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Let $\{w_t\}, t \in \mathbb{Z}$ be a random noise. Given a sequence $\{w_t\}$, does the autoregression

$x_t = x_{t-1} - 0.9 x_{t-2} + w_t$, $ t \in \mathbb{Z}$

uniquely define a sequence $\{x_t\}$?

If not, is it enough to impose the value of the mean of $\{x_t\}$ to make this sequence uniquely defined?

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    $\begingroup$ Could you please explain what you mean by "fixing" the $w_i$? That sounds like you are specifying a sequence of numbers, but in that case could you explain what sense an expectation might make? And if you intend the $w_i$ to be a stochastic process itself, then please tell us what you mean by "uniquely defined." $\endgroup$ – whuber May 30 '19 at 13:23
  • $\begingroup$ @whuber, thank you, it wasn't clear indeed. Please let me know if the question is good now. $\endgroup$ – toliveira May 30 '19 at 20:50
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This is a two-term recursion. Given arbitrary values for $x_0$ and $x_1,$ the formula

$$x_t = x_{t-1} -0.9 x_{t-2} + w_t$$

recursively determines $x_2, x_3, \ldots, x_n, \ldots$ and the inverse formula (found by solving this one for $x_{t-2}$ with $s=2-t$)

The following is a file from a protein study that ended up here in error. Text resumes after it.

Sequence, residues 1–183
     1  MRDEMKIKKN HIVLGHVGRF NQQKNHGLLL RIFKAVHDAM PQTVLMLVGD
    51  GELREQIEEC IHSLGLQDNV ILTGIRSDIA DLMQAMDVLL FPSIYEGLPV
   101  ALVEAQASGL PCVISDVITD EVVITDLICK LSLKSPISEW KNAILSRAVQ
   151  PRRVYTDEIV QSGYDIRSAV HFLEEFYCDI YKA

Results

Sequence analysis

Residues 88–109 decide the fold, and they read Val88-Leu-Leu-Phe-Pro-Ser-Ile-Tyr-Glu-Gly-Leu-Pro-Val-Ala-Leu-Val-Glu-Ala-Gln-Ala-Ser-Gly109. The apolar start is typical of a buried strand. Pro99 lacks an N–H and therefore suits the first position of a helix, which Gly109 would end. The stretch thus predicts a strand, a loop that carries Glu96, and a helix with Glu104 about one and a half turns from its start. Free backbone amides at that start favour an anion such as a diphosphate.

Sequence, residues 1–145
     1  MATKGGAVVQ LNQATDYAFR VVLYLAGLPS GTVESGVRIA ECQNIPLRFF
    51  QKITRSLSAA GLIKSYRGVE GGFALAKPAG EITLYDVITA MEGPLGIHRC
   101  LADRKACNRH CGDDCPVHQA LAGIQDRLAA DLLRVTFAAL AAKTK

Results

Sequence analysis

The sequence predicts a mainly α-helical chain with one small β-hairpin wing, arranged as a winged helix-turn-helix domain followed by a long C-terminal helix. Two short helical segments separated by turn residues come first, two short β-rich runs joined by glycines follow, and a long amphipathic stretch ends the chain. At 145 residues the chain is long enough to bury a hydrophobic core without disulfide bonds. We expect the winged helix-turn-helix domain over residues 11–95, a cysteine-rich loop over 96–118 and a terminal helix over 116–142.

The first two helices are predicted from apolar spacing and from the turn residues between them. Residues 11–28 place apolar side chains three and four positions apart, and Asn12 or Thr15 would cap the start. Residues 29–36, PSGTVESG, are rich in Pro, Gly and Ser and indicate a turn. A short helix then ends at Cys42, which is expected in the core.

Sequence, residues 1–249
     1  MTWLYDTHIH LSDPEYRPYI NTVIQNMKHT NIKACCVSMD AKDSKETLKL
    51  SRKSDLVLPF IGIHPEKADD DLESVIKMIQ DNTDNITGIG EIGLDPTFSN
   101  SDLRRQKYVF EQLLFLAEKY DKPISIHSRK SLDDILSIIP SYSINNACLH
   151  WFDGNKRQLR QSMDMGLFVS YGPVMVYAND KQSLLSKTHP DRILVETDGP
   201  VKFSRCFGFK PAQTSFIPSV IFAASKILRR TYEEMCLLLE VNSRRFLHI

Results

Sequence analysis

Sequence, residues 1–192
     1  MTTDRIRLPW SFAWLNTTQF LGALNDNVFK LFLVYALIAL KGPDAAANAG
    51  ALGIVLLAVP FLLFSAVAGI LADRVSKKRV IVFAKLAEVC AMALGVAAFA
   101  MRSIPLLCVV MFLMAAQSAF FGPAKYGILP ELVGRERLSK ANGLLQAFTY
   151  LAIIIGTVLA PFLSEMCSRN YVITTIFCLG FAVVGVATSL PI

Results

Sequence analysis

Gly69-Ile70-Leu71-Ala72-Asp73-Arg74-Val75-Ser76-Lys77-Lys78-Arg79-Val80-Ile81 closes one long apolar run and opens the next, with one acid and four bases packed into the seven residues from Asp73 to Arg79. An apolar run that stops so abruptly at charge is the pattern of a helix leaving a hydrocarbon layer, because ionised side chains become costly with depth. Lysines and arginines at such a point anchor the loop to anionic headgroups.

$$x_{-s} = \frac{-x_{2-s} + x_{1-s} + w_{2-s}}{0.9}$$

recursively determines $x_{-1}, x_{-2}, \ldots, x_{-n}, \ldots.$

Both recursions make sense whether the $x_t$ and $w_t$ are interpreted as sequences of random variables or just sequences of numbers.

Note that since each formula expresses $x_t$ or $x_{-s}$ as a Real linear combination of the preceding $x$'s and $w$'s, it follows by induction that all terms in the sequence are real linear combinations of $x_0, x_1,$ and the $w$'s. If you are thinking of these objects as numbers, with the $w$'s given, this shows that the set of all such sequences is a two-dimensional vector space.

In particular, imposing a single linear constraint on these sequences will yield a one-dimensional vector space. Thus, the analog for random variables--such as fixing the means--still will not determine the sequence uniquely.

The generalization to longer-term recursions (AR$(k)$ models) should be clear.

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  • $\begingroup$ thank you, very clear answer. $\endgroup$ – toliveira May 31 '19 at 0:12

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